Low gravity rotational culture and the integration of immunomodulatory stem cells reduce human islet allo-reactivity

Khalid M. Qureshi, Jou Lee, Michelle B. Paget, Clifford J. Bailey, S. John Curnow, Hilary E. Murray*, Richard Downing

*Corresponding author for this work

Research output: Contribution to journalArticlepeer-review

Abstract

Modification of human islets prior to transplantation may improve long-term clinical outcome in terms of diabetes management, by supporting graft function and reducing the potential for allo-rejection. Intragraft incorporation of stem cells secreting beta (β)-cell trophic and immunomodulatory factors represents a credible approach, but requires suitable culture methods to facilitate islet alteration without compromising integrity. This study employed a three-dimensional rotational cell culture system (RCCS) to achieve modification, preserve function, and ultimately influence immune cell responsiveness to human islets. Islets underwent intentional dispersal and rotational culture-assisted aggregation with amniotic epithelial cells (AEC) exhibiting intrinsic immunomodulatory potential. Reassembled islet constructs were assessed for functional integrity, and their ability to induce an allo-response in discrete T-cell subsets determined using mixed islet:lymphocyte reaction assays. RCCS supported the formation of islet:AEC aggregates with improved insulin secretory capacity compared to unmodified islets. Further, the allo-response of peripheral blood mononuclear cell (PBMC) and purified CD4+ and CD8+ T-cell subsets to AEC-bearing grafts was significantly (p < 0.05) attenuated. Rotational culture enables pre-transplant islet modification involving their integration with immunomodulatory stem cells capable of subduing the allo-reactivity of T cells relevant to islet rejection. The approach may play a role in achieving acute and long-term graft survival in islet transplantation.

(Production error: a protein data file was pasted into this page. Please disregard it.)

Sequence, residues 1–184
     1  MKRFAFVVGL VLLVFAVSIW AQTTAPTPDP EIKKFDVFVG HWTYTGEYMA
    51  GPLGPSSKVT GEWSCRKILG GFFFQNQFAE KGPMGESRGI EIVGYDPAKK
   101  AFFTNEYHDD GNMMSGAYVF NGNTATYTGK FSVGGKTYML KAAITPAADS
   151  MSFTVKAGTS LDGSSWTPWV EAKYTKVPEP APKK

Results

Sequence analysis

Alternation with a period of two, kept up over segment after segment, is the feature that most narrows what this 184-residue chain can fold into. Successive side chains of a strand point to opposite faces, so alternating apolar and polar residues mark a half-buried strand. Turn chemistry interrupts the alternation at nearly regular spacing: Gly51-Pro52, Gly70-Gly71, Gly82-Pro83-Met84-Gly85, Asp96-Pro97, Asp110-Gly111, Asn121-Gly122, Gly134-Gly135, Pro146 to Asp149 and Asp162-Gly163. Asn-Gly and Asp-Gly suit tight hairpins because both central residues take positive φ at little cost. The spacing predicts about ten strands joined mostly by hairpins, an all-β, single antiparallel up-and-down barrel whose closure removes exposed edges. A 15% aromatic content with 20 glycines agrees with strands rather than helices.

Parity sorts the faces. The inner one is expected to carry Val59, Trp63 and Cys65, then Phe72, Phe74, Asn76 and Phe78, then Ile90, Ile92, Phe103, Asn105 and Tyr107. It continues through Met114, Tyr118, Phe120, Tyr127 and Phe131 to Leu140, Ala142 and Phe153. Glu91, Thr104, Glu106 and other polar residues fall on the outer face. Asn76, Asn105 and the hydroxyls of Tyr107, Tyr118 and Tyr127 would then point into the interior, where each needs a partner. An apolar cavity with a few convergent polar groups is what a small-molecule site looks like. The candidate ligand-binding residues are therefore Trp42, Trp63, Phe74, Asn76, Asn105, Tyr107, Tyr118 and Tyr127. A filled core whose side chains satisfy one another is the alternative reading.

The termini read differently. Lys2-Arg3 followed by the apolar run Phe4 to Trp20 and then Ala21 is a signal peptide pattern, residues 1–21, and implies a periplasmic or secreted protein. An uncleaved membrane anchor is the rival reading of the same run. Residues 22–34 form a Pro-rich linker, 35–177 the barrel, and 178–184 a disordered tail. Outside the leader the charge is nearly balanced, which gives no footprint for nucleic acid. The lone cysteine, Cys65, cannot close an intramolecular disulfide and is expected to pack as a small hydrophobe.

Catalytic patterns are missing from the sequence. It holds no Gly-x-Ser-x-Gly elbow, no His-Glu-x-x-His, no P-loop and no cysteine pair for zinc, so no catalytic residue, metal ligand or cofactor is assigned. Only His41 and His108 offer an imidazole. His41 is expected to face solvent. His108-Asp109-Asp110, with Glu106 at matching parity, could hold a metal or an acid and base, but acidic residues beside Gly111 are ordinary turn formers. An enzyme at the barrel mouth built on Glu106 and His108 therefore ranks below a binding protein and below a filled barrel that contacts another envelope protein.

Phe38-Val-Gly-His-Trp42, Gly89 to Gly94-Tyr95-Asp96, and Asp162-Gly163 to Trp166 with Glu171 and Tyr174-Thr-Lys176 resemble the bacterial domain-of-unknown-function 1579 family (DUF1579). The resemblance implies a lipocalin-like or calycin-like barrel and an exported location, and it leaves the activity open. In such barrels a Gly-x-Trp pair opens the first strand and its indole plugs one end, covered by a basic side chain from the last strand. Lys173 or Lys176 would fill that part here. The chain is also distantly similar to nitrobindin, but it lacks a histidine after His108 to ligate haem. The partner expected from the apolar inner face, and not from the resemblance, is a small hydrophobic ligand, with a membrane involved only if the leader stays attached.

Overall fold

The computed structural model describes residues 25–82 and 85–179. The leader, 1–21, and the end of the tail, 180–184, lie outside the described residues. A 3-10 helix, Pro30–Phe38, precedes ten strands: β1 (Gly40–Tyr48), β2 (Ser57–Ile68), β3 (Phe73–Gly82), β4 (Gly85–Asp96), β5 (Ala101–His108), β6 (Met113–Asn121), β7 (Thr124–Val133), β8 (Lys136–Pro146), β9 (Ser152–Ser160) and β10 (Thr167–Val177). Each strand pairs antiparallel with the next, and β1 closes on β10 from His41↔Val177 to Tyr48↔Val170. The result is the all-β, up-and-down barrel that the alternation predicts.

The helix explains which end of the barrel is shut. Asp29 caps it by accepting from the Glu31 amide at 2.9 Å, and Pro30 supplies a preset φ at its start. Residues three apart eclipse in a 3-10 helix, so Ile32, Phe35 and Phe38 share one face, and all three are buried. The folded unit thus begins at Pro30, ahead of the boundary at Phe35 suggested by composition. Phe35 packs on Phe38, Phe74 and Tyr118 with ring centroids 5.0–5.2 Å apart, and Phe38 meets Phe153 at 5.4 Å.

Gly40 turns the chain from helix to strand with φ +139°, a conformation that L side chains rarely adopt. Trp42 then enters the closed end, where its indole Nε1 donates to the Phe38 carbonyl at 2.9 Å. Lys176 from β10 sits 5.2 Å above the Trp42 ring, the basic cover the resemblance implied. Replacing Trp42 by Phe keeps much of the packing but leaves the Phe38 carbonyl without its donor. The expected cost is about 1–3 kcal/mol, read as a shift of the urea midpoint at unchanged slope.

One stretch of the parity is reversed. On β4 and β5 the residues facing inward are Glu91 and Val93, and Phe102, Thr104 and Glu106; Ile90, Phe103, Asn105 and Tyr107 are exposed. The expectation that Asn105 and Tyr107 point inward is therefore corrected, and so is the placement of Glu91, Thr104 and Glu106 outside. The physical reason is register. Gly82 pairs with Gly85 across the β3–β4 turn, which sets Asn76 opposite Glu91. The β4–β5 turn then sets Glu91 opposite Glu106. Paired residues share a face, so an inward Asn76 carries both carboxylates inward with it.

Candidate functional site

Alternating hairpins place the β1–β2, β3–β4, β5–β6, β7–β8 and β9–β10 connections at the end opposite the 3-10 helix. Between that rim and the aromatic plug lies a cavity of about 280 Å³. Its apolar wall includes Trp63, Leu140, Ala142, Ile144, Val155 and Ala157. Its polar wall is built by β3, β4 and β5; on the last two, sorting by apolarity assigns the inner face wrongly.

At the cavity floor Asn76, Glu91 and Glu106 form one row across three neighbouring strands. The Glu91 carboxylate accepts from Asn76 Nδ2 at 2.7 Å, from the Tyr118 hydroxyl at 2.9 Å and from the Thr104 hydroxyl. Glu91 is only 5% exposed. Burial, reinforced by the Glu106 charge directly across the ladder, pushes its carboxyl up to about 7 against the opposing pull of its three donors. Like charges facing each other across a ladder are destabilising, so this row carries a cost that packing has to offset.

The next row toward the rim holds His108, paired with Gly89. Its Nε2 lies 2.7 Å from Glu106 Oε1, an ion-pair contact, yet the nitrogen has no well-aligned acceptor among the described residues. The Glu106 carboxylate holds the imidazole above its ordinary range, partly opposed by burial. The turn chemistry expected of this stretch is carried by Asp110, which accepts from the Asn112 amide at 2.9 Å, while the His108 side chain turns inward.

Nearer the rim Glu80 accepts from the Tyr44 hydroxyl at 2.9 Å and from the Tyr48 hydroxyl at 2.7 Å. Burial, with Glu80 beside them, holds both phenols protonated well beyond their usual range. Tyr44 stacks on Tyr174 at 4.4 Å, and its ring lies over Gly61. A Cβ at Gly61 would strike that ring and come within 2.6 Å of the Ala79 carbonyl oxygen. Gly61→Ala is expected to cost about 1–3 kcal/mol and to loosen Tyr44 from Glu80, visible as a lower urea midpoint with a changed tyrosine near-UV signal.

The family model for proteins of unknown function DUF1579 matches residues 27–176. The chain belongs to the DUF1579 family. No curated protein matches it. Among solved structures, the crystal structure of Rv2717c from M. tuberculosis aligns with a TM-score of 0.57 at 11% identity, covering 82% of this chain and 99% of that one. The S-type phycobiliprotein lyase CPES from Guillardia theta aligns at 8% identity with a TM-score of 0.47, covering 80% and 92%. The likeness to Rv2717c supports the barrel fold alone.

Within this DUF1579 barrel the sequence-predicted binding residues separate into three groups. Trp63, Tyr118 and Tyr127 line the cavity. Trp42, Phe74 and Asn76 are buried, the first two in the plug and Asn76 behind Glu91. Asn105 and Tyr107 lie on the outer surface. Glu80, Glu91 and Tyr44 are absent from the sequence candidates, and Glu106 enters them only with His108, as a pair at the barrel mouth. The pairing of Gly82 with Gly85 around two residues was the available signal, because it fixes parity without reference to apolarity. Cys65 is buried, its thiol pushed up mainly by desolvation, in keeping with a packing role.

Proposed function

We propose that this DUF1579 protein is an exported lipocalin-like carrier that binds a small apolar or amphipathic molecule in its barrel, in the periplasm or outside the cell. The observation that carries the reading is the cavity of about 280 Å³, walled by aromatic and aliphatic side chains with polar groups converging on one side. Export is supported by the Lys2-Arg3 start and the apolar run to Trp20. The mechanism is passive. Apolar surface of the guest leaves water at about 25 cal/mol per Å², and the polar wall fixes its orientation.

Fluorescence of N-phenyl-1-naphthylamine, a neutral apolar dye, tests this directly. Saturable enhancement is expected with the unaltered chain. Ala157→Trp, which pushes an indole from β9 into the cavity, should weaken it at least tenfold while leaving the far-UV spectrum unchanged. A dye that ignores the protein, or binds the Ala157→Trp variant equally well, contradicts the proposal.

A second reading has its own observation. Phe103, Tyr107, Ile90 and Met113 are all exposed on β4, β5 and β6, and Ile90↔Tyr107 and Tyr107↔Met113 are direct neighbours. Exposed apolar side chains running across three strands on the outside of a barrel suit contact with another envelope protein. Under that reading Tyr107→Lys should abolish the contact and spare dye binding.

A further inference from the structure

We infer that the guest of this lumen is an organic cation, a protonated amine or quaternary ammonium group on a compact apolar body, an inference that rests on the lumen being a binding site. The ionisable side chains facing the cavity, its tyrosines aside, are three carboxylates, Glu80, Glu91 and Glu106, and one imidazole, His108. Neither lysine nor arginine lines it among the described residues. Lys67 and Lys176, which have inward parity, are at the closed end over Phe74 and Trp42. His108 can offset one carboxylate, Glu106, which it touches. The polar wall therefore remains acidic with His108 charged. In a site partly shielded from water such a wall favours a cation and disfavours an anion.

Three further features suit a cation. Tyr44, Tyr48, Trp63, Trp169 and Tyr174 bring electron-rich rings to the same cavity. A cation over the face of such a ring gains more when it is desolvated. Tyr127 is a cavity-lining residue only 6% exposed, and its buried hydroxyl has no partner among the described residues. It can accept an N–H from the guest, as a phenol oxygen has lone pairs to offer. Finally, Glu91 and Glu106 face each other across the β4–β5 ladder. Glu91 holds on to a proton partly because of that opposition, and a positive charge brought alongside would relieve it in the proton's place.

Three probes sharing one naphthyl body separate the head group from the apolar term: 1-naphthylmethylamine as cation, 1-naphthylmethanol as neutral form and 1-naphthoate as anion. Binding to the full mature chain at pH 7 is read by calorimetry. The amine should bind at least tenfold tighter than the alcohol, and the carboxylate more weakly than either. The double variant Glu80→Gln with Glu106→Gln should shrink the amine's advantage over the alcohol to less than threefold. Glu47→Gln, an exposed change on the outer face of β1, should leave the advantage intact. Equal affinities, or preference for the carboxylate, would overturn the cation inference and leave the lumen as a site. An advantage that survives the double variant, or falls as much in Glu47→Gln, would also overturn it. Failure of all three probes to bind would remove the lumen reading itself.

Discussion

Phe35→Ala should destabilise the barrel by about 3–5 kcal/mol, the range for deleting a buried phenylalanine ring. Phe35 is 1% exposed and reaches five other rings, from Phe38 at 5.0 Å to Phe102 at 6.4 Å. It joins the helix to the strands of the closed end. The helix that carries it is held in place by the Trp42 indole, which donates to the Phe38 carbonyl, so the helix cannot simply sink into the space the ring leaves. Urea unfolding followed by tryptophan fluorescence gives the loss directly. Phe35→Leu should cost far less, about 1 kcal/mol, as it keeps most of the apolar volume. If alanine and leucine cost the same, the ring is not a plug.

Original languageEnglish
Pages (from-to)90-98
Number of pages9
JournalClinical Transplantation
Volume29
Issue number1
Early online date5 Dec 2014
DOIs
Publication statusPublished - Jan 2015

Bibliographical note

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Keywords

  • Allo-reactivity
  • amniotic epithelial cells
  • immunomodulation
  • islet transplantation
  • rotational cell culture
  • T cell

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